camp-lo-article_phixr7Before the term “swagger” became a pop-culture phenomenon to be said by everyone from the inner cities all the way to most affluent suburban neighborhoods; the Hip-Hop veteran twosome of Camp Lo already made their presence felt.

Before it was cool to actually wear your correct size when it came to putting on a pair of jeans—Camp Lo had established that too.

They didn’t proclaim themselves to be “swagga-licious,” and in fact the word never left their mouths, instead, they let their aura do all the talking for them.

Releasing classic hits like ‘Luchini (This Is It)’ and ‘Coolie High,off their debut album Uptown Saturday Night back in 1997; MC’s Salahadeen “Sonny Cheeba” Wilds and Saladine “Geechi Suede” Wallace made an instant impact during the latter half of Hip-Hop’s golden era.

Their 1970’s personas mixed in with a unique blend of lyricism catapulted them into the next millennium, but not without taking industry-related hiatus’ in between projects. After re-emerging again last year, their song ‘Lumdi’ quickly became part of the rotation on New York’s Hot 97 radio station courtesy of Mister Cee and DJ Enuff. From there, records executives at SRC Records started calling, and as they say: “The rest is history.”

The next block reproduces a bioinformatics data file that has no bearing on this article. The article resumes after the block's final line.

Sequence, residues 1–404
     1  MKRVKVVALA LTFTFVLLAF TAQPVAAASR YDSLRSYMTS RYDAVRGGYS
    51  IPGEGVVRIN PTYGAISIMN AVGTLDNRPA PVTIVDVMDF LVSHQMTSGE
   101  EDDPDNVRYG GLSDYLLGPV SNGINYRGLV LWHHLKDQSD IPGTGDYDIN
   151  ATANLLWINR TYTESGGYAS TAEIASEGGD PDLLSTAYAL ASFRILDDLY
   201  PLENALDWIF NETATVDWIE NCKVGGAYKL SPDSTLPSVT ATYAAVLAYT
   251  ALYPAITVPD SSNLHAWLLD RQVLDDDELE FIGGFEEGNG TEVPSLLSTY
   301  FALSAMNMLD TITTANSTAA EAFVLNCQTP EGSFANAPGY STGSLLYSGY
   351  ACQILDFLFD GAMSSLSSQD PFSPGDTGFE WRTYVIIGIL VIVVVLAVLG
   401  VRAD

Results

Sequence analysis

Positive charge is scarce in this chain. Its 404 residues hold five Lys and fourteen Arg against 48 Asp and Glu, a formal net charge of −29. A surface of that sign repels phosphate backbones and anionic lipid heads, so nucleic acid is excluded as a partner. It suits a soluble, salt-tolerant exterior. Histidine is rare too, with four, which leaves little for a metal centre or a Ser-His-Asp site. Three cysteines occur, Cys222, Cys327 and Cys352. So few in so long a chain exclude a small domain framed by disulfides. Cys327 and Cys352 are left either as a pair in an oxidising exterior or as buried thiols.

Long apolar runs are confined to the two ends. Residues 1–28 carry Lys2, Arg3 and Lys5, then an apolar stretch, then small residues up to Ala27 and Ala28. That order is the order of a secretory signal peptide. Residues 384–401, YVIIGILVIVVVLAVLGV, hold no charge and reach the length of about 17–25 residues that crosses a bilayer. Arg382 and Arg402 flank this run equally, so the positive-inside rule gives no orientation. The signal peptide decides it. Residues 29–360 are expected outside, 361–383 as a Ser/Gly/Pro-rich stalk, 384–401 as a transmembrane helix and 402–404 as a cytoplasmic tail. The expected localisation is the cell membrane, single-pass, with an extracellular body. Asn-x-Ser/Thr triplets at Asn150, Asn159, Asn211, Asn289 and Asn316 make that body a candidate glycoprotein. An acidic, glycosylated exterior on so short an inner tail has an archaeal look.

With a fresh deal on the table, and a new project in Stone And Rob: Caught On Tape next on deck, it certainly looks like the natives from the Bronx are headed back to having more “Good Times” than J.J. Evans How’s life been treating you guys lately?

Geechi Suede: Everything is smooth… Talk about your new project, Stone And Rob: Caught On Tape. What can people expect to hear from it?

Geechi Suede: Stone And Rob: Caught On Tape is something that we wanted to throw out there for the people, so they can get ready for A Piece Of The Action. We just kind of went BX on them, we just BX’ed the project, right Chee?

Sonny Cheeba: Yeah, we BX’ed on them, and we gave the people certain things that they wanted to hear for a minute. So it’s kind of like a combination… Is that why you released this project as a mixtape as opposed to making it an official album release?

Geechi Suede: Yeah, because our official project, A Piece Of The Action has a different dynamic than Stone And Rob. This is just to hold you down until we prepare the full course meal for you; you know what I’m saying?

So that’s kind of what Stone And Rob is. We’re looking to present A Piece Of The Action on a different platform than that… Did you two change up your formula a little, or did you keep it the same?

Geechi Suede: I think at some level you’re going to always hear them joints, but just the overtone is going to give you that “uptown” feel. But as you get deeper into it, you’ll find out that we’re on some new stuff as well… How did the deal with SRC/Universal come about? Did they reach out to you?

Sonny Cheeba: Actually it started off with them hearing the song ‘Lumdi,that Mister Cee and [DJ] Enuff were playing on Hot 97.